A scene from Ballad of Rustom
Set against the backdrop of India’s breathtaking landscape of mountains, rivers, valleys and forests, Ballad of Rustom is a story about seemingly ordinary people who are in fact quite extraordinary.
Rustom is a young, imaginative man working in a small government telephone offi ce in a remote township in India. On the surface, Rustom leads a mundane life fixing telephone lines, but on his adventures he travels into his dream world in the beautiful and magical countryside that is slowly disappearing as the town is eroded by development.
“This film does not rely on the usual storytelling devices,” explains director Ajita Suchitra Veera. “Rather it works on a very different psychological plane. It’s traditional cinema, but where the narrative is pushed to the background and what’s important is the cinematic experience created through the characters’ states of minds.”
Ballad of Rustom was shot entirely on 35mm KODAK Film in the CinemaScope format. Veera and cinematographer Shanti Bhushan Roy shot over six months, allowing them to capture the transition of seasons in natural light. Locations included Southern India’s exquisite coffee countryside with their undulating landscape of blue hills and dense vegetation.
The film contains different episodes of Rustom’s journeys, which alternate between his real and imaginary worlds. Veera worked diligently to utilize the desaturated colors of the landscape, the dialogues between different characters, and the constant presence of nature to tell the story.
“Ballad of Rustom draws attention to those ideas and confl icts that are very much part of our lives and our existence in the contemporary world, and which connect us to an uncertain future as we become more and more disconnected from nature with the disappearance of our natural worlds,” says Veera.
Thus, the director chose to shoot Ballad of Rustom on film stock — not only for its aesthetic, but for what it represents.
“KODAK [Film] has always given me great choices as a visual artist,” offers Veera. “I’m a photographer myself and I love playing with images, light, color, contrast and texture, to bring an idea — a story — to life cinematically. Film emulsion is very important in expressing moods, feelings and ideas without saying much. Complexity in a scene and characters’ states of minds can be visually communicated with contrast and light, and emulsion is crucial in this respect. KODAK Films give me that freedom and latitude.”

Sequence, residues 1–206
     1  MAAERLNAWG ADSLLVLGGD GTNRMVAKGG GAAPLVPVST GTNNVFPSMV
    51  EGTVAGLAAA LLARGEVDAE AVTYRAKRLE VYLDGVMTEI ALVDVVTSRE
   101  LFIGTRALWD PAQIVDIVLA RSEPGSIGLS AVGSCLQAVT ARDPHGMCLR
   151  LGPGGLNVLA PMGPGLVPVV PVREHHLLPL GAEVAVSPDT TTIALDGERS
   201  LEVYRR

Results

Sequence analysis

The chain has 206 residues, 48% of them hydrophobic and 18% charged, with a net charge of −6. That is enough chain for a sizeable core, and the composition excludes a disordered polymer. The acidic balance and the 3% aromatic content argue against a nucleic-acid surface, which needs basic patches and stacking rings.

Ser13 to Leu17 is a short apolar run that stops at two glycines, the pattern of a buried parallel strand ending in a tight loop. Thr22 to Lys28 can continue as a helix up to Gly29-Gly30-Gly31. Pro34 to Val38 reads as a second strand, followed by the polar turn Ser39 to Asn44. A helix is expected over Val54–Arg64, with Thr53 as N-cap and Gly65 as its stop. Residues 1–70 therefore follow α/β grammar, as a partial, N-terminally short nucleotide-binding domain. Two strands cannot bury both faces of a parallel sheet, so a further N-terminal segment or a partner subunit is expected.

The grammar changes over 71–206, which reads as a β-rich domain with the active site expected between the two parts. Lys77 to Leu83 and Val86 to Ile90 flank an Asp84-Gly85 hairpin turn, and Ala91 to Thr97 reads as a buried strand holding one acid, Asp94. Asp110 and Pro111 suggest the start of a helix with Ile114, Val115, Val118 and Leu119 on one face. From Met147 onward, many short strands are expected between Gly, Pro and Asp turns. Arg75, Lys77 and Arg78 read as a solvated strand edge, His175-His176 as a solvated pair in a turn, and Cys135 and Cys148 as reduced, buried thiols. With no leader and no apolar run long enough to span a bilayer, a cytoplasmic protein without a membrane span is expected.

Roy explains that with the KODAK VISION3 250D Color Negative Film 5207 and KODAK VISION3 500T Color Negative Film 5219 stocks they could shoot with minimal lights and extend daytime scenes. They ended up shooting a lot of magic hours — early morning shots and many interiors where they could not have used artifi cial lighting to gain the authenticity both he and Veera were trying to achieve.
“We went for push-processing and a bleach bypass to increase the grain, and to get rich, charcoal blacks and washed out colors,” says Roy, explaining that they wanted to defi ne the landscape in the fi lm as a character of its own. “This was only possible because of Kodak’s ability to handle both under-exposure and over-exposure, and still maintain the details in these areas.”
The bleach bypass was a very strong aesthetic choice for Veera. She had previously experimented with it on her graduate thesis fi lm in 2004, and was keen on a high contrast, desaturated look for Ballad of Rustom. In fact, Veera reveals that the imagery of the story came to her much ahead of the narrative storyline.
“I often have images playing in my mind that later are defi ned by a storyline,” says Veera. “I was particular about this desaturated color palette with a heightened sense of monochrome to create the surreal atmosphere of Rustom’s dream world — of technology, nature and his own subconscious — and also to subtly blend the reality and dream sections in the fi lm, since it constantly moves between the stark reality of Rustom’s everyday life and his dream world.”
The cinematographer under-exposed the entire film by three stops and pushed the stock by two stops with bleach bypass on the entire negative to attain their specific look.
“The 500T and 250D really helped to find the image quality we had in mind, since both have a layered grain structure which makes it possible to extract details even with fi ve to seven stops of underexposure,” explains Roy. “We knew the structure of Kodak motion picture emulsion and its ability to produce true colors and tones would allow us to manipulate the image accordingly to suit the story.”